And the credit card associations know it is. While else whould you wait for the markets to close on a Friday to announce it? This is *not* another "oops, someone lost our back-up tapes" incident. This incident started when banks started to report an upswing in fraudulent transactions. The cyber criminal was already using the data stolen from CardSystems to process transactions before MasterCard's security team tracked this down.
From the NY Times article that is the best coverage yet:
MasterCard said an unauthorized person was able to exploit the security vulnerability and gain access to CardSystems' network, exposing cardholders' names, account numbers and expiration dates as well as the security code, typically three or four digits also printed on the credit card.
The cost of recovering from this incident is going to be upwards of $400 Million, probably closer to $1 Billion based on my calculations. (It is often said that it cost $80 to replace a credit card. 40 million times 80 is?.... $3.2 Billion!)
If the cyber criminal is just a kid selling stolen identities he could be a millionair by now. If it is a well orchestrated effort with the right infrastructure in place they could be laundering $10's of millions by now.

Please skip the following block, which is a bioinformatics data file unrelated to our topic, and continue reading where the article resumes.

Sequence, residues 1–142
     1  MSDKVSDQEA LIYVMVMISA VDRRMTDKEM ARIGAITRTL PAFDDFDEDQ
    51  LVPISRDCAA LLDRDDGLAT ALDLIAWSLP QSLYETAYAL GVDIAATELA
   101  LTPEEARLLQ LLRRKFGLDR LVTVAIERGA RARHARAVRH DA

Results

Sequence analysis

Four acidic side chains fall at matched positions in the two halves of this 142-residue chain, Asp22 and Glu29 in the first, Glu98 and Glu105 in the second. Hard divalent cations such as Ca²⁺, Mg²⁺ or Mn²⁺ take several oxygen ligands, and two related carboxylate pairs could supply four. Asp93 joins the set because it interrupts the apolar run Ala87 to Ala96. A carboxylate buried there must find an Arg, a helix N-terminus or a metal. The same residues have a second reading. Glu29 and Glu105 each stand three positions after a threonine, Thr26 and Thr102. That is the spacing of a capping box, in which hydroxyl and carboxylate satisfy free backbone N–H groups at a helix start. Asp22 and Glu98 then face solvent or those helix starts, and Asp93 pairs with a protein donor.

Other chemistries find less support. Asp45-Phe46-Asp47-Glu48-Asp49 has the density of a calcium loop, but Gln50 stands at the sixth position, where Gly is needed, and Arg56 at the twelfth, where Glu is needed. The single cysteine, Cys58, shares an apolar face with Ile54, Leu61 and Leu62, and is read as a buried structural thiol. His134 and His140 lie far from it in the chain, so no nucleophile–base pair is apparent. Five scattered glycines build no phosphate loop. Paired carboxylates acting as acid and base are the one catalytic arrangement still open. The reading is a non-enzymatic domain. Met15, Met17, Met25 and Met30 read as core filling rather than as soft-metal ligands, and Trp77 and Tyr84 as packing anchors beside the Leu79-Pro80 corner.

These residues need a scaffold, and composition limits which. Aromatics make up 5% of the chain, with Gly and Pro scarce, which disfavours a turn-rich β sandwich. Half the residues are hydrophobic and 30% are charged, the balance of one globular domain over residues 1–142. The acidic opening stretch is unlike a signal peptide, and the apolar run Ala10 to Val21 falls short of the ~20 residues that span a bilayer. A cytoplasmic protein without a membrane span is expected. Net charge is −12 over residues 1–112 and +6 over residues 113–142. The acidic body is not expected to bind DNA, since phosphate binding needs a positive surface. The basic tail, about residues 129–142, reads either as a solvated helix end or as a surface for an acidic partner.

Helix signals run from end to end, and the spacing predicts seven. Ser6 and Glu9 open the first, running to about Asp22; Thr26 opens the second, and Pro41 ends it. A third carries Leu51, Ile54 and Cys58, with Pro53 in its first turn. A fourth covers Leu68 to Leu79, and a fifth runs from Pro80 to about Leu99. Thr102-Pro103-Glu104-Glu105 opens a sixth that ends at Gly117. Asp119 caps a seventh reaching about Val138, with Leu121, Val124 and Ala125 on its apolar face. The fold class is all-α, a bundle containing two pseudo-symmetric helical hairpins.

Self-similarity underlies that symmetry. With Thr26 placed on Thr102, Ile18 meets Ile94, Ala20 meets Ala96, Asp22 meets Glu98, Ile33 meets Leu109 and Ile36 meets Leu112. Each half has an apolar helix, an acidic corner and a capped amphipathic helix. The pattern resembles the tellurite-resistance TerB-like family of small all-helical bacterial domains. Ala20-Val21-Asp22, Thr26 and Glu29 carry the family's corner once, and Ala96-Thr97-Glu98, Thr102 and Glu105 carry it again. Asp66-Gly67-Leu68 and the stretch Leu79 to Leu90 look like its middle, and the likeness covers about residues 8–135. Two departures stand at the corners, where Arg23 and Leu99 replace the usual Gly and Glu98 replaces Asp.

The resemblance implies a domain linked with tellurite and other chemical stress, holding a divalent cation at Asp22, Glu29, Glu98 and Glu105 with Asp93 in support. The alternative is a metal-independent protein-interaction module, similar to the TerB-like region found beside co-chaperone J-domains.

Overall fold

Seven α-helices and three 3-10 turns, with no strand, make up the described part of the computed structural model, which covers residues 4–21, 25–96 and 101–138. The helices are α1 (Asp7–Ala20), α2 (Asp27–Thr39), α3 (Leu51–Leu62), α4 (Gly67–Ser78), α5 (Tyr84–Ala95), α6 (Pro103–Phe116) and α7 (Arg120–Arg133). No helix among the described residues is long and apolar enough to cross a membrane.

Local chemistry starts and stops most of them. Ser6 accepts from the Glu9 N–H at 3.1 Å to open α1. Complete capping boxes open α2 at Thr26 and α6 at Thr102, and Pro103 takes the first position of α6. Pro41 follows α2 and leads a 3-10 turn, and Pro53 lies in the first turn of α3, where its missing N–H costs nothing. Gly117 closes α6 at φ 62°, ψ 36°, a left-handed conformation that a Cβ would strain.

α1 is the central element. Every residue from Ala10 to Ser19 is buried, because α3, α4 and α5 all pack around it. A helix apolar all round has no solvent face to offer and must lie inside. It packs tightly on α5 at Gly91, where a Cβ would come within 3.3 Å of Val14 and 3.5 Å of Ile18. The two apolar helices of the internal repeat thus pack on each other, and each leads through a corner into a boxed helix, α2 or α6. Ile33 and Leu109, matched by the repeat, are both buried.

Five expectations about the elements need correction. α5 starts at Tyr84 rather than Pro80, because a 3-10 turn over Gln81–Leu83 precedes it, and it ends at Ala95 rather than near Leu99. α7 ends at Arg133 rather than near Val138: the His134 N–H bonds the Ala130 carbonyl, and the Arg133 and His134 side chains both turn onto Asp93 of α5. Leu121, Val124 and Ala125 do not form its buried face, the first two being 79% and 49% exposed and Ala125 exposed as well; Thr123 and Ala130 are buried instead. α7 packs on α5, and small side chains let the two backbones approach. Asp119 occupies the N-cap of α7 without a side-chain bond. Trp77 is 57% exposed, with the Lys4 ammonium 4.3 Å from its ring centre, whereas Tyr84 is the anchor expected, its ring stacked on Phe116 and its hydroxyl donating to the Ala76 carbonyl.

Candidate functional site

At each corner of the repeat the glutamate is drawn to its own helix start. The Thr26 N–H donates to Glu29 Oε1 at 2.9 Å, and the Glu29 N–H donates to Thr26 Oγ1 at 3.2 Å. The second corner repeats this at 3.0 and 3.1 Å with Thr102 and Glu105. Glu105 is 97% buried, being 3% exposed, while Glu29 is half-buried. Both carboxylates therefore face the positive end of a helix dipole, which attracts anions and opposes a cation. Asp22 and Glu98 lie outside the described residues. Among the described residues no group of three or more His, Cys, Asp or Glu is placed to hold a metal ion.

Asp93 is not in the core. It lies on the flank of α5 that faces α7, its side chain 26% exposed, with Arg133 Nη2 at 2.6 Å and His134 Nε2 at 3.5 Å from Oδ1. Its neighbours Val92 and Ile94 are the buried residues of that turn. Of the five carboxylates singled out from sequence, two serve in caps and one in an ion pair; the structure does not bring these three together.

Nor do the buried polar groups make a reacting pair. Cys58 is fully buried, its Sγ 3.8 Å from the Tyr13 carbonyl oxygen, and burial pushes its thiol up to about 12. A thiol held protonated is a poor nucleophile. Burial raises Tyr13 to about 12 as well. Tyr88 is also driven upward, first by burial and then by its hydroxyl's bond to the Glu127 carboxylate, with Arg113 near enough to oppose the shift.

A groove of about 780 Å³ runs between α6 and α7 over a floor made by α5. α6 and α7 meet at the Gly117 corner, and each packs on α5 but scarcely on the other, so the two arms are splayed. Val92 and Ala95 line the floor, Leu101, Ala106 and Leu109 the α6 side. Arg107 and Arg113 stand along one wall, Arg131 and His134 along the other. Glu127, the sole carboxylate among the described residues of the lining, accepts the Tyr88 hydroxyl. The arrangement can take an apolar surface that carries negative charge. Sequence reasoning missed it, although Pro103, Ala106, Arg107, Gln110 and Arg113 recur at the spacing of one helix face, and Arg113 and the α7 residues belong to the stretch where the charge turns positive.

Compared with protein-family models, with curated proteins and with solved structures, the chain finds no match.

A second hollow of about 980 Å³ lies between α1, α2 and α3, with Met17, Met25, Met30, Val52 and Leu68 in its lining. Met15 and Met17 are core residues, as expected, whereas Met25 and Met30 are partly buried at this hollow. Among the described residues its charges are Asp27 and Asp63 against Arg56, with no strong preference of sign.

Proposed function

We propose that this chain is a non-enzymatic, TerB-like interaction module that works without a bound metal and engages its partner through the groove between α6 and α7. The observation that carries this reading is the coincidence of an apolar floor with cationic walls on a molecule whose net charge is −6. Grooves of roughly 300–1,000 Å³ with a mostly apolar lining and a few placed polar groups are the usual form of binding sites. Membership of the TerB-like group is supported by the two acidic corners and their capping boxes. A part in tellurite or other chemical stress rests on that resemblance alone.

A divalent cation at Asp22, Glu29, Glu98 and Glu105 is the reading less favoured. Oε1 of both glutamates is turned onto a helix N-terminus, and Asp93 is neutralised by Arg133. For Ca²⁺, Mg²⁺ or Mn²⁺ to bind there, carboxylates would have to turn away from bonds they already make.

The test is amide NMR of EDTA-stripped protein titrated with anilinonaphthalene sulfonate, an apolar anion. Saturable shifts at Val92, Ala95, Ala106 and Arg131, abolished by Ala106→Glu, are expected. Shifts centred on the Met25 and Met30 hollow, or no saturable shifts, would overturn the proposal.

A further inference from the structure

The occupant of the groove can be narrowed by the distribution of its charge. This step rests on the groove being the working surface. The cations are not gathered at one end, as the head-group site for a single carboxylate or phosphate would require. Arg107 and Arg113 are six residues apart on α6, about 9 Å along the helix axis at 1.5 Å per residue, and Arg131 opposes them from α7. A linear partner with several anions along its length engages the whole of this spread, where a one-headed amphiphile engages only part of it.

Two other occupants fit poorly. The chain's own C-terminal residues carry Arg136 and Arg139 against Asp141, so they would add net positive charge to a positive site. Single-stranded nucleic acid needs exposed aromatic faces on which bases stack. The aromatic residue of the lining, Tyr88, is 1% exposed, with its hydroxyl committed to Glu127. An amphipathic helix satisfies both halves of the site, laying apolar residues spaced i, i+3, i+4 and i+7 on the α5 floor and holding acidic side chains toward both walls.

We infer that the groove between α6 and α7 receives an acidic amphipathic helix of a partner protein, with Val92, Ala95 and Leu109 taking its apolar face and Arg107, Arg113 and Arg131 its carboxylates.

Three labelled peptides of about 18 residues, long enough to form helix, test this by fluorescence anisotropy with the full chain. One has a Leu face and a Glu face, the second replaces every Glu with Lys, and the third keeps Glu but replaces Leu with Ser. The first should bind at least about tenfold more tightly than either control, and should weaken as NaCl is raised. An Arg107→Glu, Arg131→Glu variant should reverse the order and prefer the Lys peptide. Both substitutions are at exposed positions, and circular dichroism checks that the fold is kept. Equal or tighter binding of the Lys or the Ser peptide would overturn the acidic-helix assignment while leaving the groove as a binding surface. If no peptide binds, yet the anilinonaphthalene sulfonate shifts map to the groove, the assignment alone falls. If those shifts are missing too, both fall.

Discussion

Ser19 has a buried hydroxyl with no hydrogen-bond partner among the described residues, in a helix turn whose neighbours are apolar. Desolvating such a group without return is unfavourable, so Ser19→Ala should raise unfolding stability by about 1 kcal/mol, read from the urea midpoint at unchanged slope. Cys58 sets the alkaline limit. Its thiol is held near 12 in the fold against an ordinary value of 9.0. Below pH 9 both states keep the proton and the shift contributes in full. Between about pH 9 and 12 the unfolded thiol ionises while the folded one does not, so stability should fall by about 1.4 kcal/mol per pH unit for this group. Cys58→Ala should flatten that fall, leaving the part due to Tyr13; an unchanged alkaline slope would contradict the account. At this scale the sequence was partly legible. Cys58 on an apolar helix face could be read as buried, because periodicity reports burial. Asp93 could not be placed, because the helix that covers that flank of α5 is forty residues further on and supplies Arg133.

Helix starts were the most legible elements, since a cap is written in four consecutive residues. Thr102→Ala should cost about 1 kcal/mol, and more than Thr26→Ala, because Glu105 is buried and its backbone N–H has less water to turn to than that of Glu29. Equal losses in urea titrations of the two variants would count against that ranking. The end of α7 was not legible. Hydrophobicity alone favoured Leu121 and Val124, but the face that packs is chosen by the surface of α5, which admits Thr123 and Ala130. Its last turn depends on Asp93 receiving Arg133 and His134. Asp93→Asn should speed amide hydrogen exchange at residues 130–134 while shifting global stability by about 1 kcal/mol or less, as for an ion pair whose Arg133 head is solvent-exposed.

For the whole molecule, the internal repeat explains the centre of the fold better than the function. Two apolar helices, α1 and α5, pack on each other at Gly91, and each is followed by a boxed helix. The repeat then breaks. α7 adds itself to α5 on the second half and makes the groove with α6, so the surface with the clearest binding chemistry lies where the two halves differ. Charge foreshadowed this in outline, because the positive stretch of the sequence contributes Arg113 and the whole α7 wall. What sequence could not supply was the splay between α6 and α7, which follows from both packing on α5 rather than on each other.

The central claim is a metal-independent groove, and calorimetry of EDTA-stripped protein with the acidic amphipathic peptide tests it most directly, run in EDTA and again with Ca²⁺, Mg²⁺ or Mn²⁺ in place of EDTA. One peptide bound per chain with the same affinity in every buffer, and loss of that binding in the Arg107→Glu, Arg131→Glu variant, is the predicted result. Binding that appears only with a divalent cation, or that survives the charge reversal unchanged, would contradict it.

Harsh lessons learned from the soon to be unemployed staff responsible for the irresponsible security practices at CardSystems and the executives that will be testifying to Congress:
YOU DO NOT NEED TO STORE CREDIT CARD INFORMATION IF YOU ARE A MERCHANT OR TRANSACTION PROCESSOR. The entire system has been designed to avoid these incidents. If you are a merchant you pass the data off to your credit card processor who credits you with the money and give you a tracking number that you can store safely.
IF YOU STORE ANY PERSONALLY IDENTIFIABLE INFORMATION YOU MUST ENCRYPT IT! I feel like I am yelling into the wind here. I guess the FTC is going to take care of this one for us.
I am getting too worked up over this. Gotta go...